The 10-foot rule

Oct. 1, 2001
To kick off this column on "Gems of the VIP 5-Star Practice," let's first take a look at the concept of a win/win relationship.

by Tom Orent, DMD

Welcome to extreme customer service!
To kick off this column on "Gems of the VIP 5-Star Practice," let's first take a look at the concept of a win/win relationship. Both the patient and the doctor should believe they've received more than their fair share of value. For the doctor, value comes from professional satisfaction, the joy of personal relationships, and, of course, financial compensation. Our patients perceive value through the health and beauty resulting from treatment, as well as the personal touches — the delivery of our services.

Your patients' perception is their reality! We've been instructed to "create perceived added value" — an excellent suggestion, but how do we do that? This column is dedicated to raising the bar with "Extreme Customer Service." No theory. Never conjecture. Each article will deliver a gem that has proven to be successful in my practice, the Center for Esthetic Dentistry. You might make a three-ring binder of the gems, then share them with your staff. Push service to the extreme.

The need to feel recognized
Visit a five-star hotel. One of the first things that will hit you is the incredibly consistent level of service throughout the organization. From bellhop to general manager, the entire team is on a mission of consistent, top-level customer service. As human beings, we have a need to be noticed — a need to be recognized.

It's maddening to feel ignored. At the Ritz-Carlton, Four Seasons Hotel, or Nordstrom department stores, you'll never want for attention! Let's play devil's advocate for a moment. It's really busy in the dental office. Staff members are busy doing their jobs — they can't possibly cater to everyone simultaneously!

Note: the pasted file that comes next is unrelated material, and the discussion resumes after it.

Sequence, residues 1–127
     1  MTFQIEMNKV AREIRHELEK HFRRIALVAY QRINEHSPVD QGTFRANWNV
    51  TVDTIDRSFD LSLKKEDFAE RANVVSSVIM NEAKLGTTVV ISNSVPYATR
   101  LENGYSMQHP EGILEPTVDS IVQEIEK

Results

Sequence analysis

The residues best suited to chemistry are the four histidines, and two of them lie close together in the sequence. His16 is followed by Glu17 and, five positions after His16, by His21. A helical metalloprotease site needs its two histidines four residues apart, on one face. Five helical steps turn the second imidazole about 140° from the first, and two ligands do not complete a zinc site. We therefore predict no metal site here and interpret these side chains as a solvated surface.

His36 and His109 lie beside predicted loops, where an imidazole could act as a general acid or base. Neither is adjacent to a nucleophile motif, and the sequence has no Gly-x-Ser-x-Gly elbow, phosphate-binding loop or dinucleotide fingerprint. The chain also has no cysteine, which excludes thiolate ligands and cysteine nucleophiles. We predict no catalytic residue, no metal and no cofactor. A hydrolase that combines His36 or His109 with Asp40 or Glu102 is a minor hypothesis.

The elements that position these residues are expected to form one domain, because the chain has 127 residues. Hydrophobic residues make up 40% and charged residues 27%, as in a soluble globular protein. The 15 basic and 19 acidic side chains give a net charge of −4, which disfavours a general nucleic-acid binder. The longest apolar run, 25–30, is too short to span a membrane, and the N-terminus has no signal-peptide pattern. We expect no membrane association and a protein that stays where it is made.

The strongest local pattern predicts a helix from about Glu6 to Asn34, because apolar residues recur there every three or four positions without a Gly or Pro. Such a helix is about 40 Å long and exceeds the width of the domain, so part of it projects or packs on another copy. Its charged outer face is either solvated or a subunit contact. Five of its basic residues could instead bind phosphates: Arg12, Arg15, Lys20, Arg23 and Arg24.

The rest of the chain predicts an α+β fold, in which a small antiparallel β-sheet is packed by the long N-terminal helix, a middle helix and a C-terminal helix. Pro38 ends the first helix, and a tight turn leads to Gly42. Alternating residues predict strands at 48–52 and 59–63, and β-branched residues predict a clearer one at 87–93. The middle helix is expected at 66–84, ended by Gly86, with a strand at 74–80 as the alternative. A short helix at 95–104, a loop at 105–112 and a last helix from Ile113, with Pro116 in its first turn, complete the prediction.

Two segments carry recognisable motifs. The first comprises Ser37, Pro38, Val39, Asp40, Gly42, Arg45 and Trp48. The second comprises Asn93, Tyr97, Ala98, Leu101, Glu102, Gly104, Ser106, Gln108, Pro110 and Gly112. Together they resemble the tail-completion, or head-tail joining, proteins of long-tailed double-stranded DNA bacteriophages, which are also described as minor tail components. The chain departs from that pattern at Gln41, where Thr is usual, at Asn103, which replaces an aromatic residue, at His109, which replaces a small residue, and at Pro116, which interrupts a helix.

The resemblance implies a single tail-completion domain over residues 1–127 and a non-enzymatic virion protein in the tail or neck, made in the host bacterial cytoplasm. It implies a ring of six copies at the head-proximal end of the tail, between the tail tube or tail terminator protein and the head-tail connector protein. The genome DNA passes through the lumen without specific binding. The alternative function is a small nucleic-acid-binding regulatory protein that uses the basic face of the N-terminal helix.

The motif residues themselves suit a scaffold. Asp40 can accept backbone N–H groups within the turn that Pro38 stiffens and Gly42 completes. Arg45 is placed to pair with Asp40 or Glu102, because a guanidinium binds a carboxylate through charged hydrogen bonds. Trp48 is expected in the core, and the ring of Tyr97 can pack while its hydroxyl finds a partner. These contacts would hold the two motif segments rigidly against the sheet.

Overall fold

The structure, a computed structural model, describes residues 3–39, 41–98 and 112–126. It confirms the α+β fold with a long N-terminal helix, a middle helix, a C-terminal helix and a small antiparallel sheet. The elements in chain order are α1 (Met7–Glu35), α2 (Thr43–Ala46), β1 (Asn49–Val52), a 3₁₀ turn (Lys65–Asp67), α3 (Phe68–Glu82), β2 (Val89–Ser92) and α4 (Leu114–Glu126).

Bear in mind that "perception is reality." If each patient felt recognized and not ignored, you'd be several steps closer to the VIP 5-Star Practice. The concept is simple. Before I explain, I'll share something that happened to me while visiting a physician's office.

My first and last visit with Dr. S.
It was my first visit to Dr. S.'s medical practice. I arrived a few minutes early, anticipating the need to fill out routine paperwork. When I entered the office, there were two staff members at the desk. One was on the telephone, the other was wearing a headset, apparently transcribing the doctor's notes.

I approached the desk to say "hi." Neither looked up. The one on the phone looked down at her desk. The transcriber was focused on her keyboard. Initially, it didn't bother me — but as time passed, it became uncomfortable ... annoying ... maddening to be ignored.

I kept one eye on the clock on the back wall of the office. I stood only a foot from these folks for no less than five minutes — ignored. When I finally "interrupted" them, it was clear to me that I was not welcome. It was my first and last visit to Dr. S.

The "10-foot rule"
As long as I've been in practice, my team has always followed what I call the "10-foot rule." Anytime a team member comes within 10 feet of any of our "guests," that team member is to acknowledge the guest. If we're not involved with another guest, we'll say "hello" and introduce ourselves if we've never met. This is all part of a carefully scripted "new-patient experience."

If our focus is with another guest, then we'll at least acknowledge the newcomer. A warm smile and nod of the head can really go a long way to communicate a welcome to the waiting guest.

A future column will focus on all of the details of the new-patient experience to create added value in your practice. For now, establish your own 10-foot rule!

Dr. Tom Orent, the GEMS GUY, is a management consultant and practicing dentist. He is a founding member and past president of the New England chapter of the AACD. He has presented his "1,000 Gems SeminarsTM" in four countries and at state and national meetings in 46 states. He has lectured at numerous dental schools and is the author of four books and numerous articles on aesthetic dentistry, practice management, TMJ, and "Extreme Customer Service." Dr. Orent may be reached at (888) 880-4367, by fax at (508) 879-4811, by email at [email protected], or visit

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